PennLive ran a story this week with the following headline:
You would expect a story with this headline to contain some good news for taxpayers and perhaps it does, but I am too jaded by the desire, no compulsion to give away my hard earned money to others. The story is about a solar project completed by the Lycoming County School District.
“The project is expected to reduce the district’s annual electricity use by 700,000 kilowatt-hours and act as a hedge against future escalation of the cost of electricity.”
Blowback on windmills was the headline that caught my eye in the “letters” section of Pittsburgh’s Tribune Review. The letter was from Sarah Howell, the vice president, public affairs, for the American Wind Energy Association. Ms. Howell’s response to the original article titled The Windmill Sham was understandable given her position advocating windmills.
The original editorial piece was critical of the number of jobs created by government subsidies of the alternative energy industry. The author made the mistake of siting actual data from the Spanish government showing that the actual cost of each new job was around $333,333.00. Of course the response from the wind folks touted how many jobs were created because of government support/subsidy of the industry.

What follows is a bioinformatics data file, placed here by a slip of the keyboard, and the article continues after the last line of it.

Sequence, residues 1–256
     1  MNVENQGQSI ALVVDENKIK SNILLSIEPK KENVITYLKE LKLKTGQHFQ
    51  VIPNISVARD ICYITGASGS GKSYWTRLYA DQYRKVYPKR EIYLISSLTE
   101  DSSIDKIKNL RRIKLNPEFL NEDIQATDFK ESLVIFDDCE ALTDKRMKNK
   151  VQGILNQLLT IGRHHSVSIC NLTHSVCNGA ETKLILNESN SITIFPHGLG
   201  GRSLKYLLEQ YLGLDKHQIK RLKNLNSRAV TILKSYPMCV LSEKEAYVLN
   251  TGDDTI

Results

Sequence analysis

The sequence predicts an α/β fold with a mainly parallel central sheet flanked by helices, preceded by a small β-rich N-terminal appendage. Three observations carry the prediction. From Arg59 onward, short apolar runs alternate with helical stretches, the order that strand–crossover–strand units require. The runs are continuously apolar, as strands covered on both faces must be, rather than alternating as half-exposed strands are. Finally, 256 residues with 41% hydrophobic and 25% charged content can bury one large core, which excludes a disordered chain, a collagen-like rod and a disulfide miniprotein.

“It’s not that easy being green…It could make you wonder why, but why wonder why? Wonder, I am green and it’ll do fine, it’s beautiful! And I think it’s what I want to be.”
When Kermit the Frog famously sang these words, being green was not all that popular and that was the point of his song. Fast forward a couple of decades and green is good. Green is so good that television networks have green weeks, schools go green, cities go green, and lots and lots of money is steered toward green enterprises. Investments in green infrastructure is necessary, it is explained, to drive development of the technology. That is a reasonable position and one taken by most politicians. Even the staunches fiscal conservative often bows to green energy.